Mr Hague said that the UK Government’s objec­tive in Afghanistan is shared by the Afghan Gov­ern­ment and all fifty nations that con­tribute forces to ISAF. He said:

“We all want an Afghanistan that is able to main­tain its own secu­ri­ty and pre­vent the coun­try from being used as a safe haven for inter­na­tion­al ter­ror­ists. Our strat­e­gy is to help the Afghan Gov­ern­ment to build capa­ble Afghan Nation­al Secu­ri­ty Forces, to make progress towards a sus­tain­able polit­i­cal set­tle­ment, and to sup­port the build­ing of a viable Afghan state.”

Cen­tral to this, Mr Hague said, is the grad­ual han­dover of secu­ri­ty respon­si­bil­i­ties from inter­na­tion­al forces to the Afghan Nation­al Secu­ri­ty Forces by the end of 2014, as agreed at the Lis­bon Sum­mit in 2010:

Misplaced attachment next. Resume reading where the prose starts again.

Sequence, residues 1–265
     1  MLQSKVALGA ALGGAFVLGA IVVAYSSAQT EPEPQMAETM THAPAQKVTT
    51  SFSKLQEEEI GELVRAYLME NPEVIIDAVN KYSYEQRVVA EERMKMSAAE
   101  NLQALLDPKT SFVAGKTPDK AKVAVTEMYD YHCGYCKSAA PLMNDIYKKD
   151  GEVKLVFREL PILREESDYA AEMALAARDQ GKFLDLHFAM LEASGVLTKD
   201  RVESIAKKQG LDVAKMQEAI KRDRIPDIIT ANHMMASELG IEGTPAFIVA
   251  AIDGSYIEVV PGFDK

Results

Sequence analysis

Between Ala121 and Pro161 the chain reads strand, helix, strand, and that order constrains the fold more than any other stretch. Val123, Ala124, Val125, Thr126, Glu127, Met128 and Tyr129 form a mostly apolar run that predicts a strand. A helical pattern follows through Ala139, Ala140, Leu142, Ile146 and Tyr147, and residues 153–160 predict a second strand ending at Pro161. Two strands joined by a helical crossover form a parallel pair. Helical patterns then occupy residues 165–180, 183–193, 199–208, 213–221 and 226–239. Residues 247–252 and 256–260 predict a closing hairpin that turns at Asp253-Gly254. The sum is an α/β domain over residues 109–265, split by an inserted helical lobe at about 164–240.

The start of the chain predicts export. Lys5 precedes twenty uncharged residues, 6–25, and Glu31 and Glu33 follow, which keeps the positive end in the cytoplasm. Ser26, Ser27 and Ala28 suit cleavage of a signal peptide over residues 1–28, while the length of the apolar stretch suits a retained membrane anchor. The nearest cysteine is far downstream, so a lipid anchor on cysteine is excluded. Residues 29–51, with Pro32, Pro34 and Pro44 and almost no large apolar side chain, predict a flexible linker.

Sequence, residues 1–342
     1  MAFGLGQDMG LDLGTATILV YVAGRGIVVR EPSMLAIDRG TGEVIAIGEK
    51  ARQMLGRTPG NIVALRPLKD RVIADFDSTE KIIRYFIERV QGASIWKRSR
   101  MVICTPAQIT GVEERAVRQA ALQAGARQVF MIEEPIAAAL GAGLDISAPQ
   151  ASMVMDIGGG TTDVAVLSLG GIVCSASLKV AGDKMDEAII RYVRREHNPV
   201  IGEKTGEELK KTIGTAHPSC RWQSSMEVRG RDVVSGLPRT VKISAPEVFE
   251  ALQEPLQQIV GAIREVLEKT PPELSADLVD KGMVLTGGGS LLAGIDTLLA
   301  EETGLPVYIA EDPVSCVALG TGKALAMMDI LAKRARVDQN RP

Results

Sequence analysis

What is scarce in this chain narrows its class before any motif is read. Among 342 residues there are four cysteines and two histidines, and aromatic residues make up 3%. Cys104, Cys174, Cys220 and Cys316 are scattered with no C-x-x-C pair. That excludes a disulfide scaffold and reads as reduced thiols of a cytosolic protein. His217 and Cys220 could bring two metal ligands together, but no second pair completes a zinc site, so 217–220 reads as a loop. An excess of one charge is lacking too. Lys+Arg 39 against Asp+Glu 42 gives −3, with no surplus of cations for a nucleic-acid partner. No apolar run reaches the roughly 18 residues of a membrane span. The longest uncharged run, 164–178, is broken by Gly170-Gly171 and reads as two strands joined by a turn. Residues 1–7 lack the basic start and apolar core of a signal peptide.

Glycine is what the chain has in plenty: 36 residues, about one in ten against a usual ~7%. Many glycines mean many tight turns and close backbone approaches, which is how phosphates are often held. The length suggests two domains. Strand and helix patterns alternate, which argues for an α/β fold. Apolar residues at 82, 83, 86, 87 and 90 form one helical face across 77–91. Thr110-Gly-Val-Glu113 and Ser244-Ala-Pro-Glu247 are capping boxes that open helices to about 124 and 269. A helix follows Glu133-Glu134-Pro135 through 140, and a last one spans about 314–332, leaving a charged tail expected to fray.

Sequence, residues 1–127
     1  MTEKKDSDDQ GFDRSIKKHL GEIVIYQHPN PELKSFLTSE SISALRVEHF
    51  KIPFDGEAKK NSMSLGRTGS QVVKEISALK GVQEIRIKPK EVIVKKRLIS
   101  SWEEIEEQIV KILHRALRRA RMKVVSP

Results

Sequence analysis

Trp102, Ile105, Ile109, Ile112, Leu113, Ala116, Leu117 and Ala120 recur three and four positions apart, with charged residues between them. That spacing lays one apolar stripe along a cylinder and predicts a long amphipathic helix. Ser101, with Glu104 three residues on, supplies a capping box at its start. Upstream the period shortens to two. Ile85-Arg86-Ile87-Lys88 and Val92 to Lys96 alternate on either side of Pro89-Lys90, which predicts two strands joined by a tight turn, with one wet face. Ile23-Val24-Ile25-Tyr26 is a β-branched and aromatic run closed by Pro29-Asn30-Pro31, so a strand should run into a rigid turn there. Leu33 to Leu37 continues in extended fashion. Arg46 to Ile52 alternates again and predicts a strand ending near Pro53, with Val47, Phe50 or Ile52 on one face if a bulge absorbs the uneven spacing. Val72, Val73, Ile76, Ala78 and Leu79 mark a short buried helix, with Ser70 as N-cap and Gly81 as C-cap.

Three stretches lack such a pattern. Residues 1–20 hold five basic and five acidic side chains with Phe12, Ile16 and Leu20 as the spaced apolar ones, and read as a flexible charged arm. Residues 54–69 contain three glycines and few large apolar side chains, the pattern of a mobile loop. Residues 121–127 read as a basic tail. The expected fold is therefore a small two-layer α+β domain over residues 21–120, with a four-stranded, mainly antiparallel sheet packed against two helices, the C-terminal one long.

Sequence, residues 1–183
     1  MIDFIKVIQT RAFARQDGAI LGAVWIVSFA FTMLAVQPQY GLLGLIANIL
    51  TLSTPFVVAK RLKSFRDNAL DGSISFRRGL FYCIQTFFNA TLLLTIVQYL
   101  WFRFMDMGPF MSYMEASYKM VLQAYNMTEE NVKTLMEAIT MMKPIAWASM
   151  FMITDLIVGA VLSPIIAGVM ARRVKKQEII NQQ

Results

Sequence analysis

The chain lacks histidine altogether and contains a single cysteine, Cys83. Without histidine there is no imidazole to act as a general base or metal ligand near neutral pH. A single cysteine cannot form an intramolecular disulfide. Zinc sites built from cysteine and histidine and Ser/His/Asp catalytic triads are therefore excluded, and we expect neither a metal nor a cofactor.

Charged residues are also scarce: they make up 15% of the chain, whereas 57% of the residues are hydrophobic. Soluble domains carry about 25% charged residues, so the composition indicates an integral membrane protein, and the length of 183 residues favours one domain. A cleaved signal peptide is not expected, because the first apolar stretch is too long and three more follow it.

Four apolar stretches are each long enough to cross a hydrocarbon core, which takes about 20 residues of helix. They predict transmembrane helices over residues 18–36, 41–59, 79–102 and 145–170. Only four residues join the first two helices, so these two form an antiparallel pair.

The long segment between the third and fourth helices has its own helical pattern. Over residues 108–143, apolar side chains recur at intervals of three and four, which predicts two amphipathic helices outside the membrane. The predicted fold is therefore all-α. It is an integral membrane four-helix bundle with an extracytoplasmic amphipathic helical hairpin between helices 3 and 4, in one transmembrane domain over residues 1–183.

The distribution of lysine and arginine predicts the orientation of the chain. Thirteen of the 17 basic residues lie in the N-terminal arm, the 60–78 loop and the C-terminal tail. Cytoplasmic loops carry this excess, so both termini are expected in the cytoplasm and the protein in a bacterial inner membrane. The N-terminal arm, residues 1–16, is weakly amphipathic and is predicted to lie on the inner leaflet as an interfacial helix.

“British and ISAF troops will con­tin­ue to per­form com­bat roles until the end of 2014. Our com­mit­ment in terms of aid, trade, invest­ment and close diplo­mat­ic ties will last far beyond 2014,” he added.

Mr Hague also said that no-one should under­es­ti­mate the scale of the chal­lenges that remain but that he is con­fi­dent that our strat­e­gy in Afghanistan is the right one to main­tain our nation­al secu­ri­ty, and that steady progress towards our goals is being made.